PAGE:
Patient safety is fundamental to healthcare quality. Attention has recently focused on the patient safety climate of an organization and its impact on patient outcomes. A strong safety climate appears to be an essential condition for safe patient care in hospitals. A number of instruments are used to measure this patient safety climate or culture. The Safety Attitudes Questionnaire (SAQ) is a validated, widely used instrument to investigate multiple factors of safety climate at the clinical level in a variety of inpatient and outpatient settings.4 Variations on the definition of safety culture exist.5 “Safety culture” and “safety climate” are sometimes used interchangeably, but in the literature, different meanings tend to be given to the terms. Measuring safety culture or safety climate is important because the culture of an organization, team perceptions influence patient safety outcomes, and these measures can be used to monitor changes over time.6 The safety culture is part of the overall culture of an organization.7 This refers to how patient safety is designed and implemented within an organization and the structures and processes to support them.8 Safety culture became popular after the Chernobyl nuclear disaster in 1986, when it was suggested that organizations can reduce accidents and safety incidents through the development of a “positive safety culture”.9 Therefore, the concept of safety culture is not unique to healthcare, and has been widely used in the oil industries, gas and energy, transport, aviation and military sectors.10 The “safety culture” is broadly defined as: “a global phenomenon that spans the norms, values and basic assumptions of a whole organization. Climate, on the other hand, is more specific and refers to professional perception of particular aspects of the organization's culture”.11 Compared to safety climate, culture is a broader term that represents all aspects and values of an organization as well as actions related to safety, while the climate focuses more on the perception that professionals have about how safety is managed in organizations.12 Safety climate has been defined as “the way we do things around here,” or perceptions of policies, practices and “shared” procedures.13 As such, the safety climate-spectrum describes an organization that is influenced by how people behave, think and feel about safety issues. This is a complex phenomenon that is not always understood by the leaders of healthcare institutions, thus making it difficult to operationalize, and essential leadership experience to achieve a climate of safety throughout the organization.14 In this view, the safety culture is a broad term that represents all aspects and values of an organization as well as actions related to security,12 while safety climate is a subset of the broader culture and refers to perceptions health professionals on patient safety within the organization.15 For this reason, some authors suggest that it is easier to measure safety climate, because culture is much broader.7 This focuses more on perceptions of security professionals regarding support for the management, supervision, risks, policies and practices of security, trust and openness.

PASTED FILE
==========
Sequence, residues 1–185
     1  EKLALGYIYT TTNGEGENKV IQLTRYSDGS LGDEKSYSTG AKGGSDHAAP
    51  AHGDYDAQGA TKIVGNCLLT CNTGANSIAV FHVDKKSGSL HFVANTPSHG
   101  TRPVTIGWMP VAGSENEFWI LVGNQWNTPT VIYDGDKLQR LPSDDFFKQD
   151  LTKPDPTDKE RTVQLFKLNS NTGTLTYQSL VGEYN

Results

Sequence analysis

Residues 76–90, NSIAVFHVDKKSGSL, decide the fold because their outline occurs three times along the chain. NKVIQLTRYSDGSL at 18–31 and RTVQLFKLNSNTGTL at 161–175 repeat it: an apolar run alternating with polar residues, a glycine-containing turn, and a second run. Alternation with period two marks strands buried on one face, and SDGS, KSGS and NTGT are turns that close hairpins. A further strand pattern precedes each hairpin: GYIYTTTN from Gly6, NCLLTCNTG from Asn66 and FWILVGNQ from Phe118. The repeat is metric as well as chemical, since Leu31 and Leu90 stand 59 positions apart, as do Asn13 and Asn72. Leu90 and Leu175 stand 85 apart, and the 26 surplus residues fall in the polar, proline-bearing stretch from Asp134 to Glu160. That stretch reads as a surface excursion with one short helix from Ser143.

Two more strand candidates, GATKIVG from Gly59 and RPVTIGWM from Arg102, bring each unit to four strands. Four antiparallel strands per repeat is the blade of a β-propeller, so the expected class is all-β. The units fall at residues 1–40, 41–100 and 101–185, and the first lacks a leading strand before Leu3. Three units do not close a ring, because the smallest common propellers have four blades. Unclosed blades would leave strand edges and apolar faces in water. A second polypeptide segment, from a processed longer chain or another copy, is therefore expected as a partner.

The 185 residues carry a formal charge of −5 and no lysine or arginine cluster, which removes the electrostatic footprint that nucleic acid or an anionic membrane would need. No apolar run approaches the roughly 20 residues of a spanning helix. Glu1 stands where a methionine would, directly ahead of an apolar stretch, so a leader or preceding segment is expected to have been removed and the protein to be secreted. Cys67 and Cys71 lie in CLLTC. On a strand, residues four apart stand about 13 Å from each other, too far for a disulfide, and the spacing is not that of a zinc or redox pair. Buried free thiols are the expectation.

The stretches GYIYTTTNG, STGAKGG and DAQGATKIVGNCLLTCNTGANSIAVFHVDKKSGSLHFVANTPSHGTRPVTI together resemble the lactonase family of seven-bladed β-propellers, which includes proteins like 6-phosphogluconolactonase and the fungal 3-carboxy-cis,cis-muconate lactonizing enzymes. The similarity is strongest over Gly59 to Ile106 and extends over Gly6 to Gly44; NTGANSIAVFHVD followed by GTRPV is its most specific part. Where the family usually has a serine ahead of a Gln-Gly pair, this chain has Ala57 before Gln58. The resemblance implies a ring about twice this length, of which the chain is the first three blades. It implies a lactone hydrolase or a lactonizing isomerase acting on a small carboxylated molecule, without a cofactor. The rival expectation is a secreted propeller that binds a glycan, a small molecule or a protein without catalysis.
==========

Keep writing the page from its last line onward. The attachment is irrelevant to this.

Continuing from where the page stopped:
Concerning operating rooms teams are composed by three different careers (surgery, anesthesiology and nursing) with intermittent representations by radiology and pathology.16 Action in OR is a complex, interdisciplinary practice, with heavy reliance on individual action (human technical skills), held within complex organizations where human and team factors (human non-technical skills) and organizational factors (system) play a key role in a constant interaction between humans, machines and equipment.2 The OR in the logic of the open environment system receives various inputs and through a set of activities, transforms resources (inputs) into results (outputs)17 and is sensible to external influences on performance and group dynamics.18 The environment of the operating room, by its very nature, is conducive to accidents and teamwork and cooperation is critical to the efficiency and above all for safety in surgery and its deficit is responsible for about half of errors detected.2